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March 2012 Joint Dinner BAPG-TSC

  • March 22, 2012
  • 5:30 PM - 9:30 PM
  • Salvatore's Italian Gardens Restaurant, 6461 Transit Road, Depew, NY

Registration

  • Active and Associate Members early bird registration fee
  • All Non-members
  • Student Cost for registration must show valid student ID.

Topic: "Environmental Dredging of the Buffalo River"

 

Presenters will be: William Fredrick USACE, Martin Doster of the NYSDEC, and Jill Spisiak Jedlicka of Buffalo Niagara Riverkeepers.


The Buffalo River Area of Concern (AOC) is located in the city of Buffalo, NY and provided access to a major industrial corridor for over 150 years.  The river flows from the east and discharges into Lake Erie near the head of the Niagara River.   A portion of the Buffalo River is designated as the federal navigation channel and is maintained by U.S. Army Corps of Engineers (USACE) at a depth of 22 feet below low water datum (LWD).  The AOC includes the entire 1.4-mile stretch of the City Ship Canal (Ship Canal) and extends upstream approximately 6.2 miles, or just below the confluence of Cazenovia and Buffalo Creeks.

Since the early 1800s, municipal and industrial waste has been disposed of in the Buffalo River, including pollution from grain milling and manufacturing industries along the shoreline.  The pollution problems were compounded with the widening and deepening of the river for navigation, which increased hydraulic residence time and sedimentation.  Presently, the sources of contamination in the AOC are primarily from the sediments and non-point sources in the Buffalo River Watershed.  The Buffalo River sediments consequently are impacted with wide array of organic and inorganic contaminants; the majority of contaminants are collocated with four main constituents:  polycyclic aromatic hydrocarbons (PAHs), polychlorinated biphenyls (PCBs), mercury, and lead.

 The Buffalo River AOC exhibits nine beneficial use impairments (BUIs) that cause detrimental changes in the chemical, physical, or biological integrity of the Great Lakes system.  The BUIs provided a tool for describing the effects of the contamination and a means for focusing remedial actions.  The impairments primarily have been caused by historical discharges to the river from industrial facilities.

The primary objective of the Buffalo River AOC remediation is the removal of contaminated sediments and subsequent environmental restoration to support lifting the BUI designations.  This is driven by five remedial action objectives (RAOs) that were developed by the project team, which will be presented.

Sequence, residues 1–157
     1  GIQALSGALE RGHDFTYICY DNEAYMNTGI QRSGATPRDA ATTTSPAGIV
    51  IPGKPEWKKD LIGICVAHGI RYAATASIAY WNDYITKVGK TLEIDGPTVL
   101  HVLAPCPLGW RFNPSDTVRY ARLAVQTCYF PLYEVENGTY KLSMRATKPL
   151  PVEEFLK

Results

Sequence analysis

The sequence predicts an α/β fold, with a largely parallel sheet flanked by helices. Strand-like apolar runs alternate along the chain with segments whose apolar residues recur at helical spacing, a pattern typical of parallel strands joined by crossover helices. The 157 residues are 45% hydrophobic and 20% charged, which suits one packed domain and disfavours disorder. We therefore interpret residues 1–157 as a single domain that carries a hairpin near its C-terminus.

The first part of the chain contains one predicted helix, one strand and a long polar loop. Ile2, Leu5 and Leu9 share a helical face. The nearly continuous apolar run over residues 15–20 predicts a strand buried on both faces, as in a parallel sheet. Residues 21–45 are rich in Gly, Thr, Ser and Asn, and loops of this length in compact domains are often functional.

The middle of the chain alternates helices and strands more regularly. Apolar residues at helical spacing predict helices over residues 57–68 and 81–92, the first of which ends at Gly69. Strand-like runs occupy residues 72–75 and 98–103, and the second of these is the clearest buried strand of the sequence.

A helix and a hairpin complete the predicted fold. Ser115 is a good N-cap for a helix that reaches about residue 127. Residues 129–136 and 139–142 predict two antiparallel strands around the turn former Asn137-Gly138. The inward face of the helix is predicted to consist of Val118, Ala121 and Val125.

A Feasibility Study (FS) presented six alternatives that were narrowed to a preferred remedy of Enhanced Protectiveness Dredging.   This alternative targets the mechanical removal of sediment from areas that exceed the site-specific sediment chemistry guidelines, including elevated chemical concentrations at depths between 0 and 4 feet.  The preferred remedy will also reduce risks to human health and the environment in areas frequently accessed by the public, in sediment areas that may scour during high-flow events, and in areas where sediment has been historically disturbed by ship traffic.

Approximately 406,100 yd3 of non-Toxic Substances Control Act (TSCA) contaminated sediment from the Buffalo River and approximately 70,600 yd3 of non-TSCA sediment from the Ship Canal will be mechanically dredged and disposed of at the existing USACE CDF No. 4, which was specifically designed for the management and disposal of the Buffalo River sediments.   An additional 5,400 yd3 of TSCA sediments are estimated to be removed from the Buffalo River, along with 25,000 yd3 of non-TSCA sediments based on the results of confirmation sampling.

 In addition, the USACE began removing up to 625,000 yd3 of impacted sediment from the Federal navigation channel in 2011 in advance of the legacy sediment remediation and habitat restoration activities.

Environmental restoration will occur in select areas of the river after the sediment dredging and capping activities are concluded.  These efforts are intended to restore habitat and augment the existing environment.  Remedial success will be monitored through a post-action sampling effort (sediment and biologic factors) and habitat viability inspections.  This project is funded through the EPA’s Great Lakes Restoration Initiative (GLRI) and Great Lakes Legacy Act (GLLA), in partnership with the Honeywell Corporation.  GLRI dredging occurred in 2011 and GLLA actions are scheduled for 2012 and 2013.



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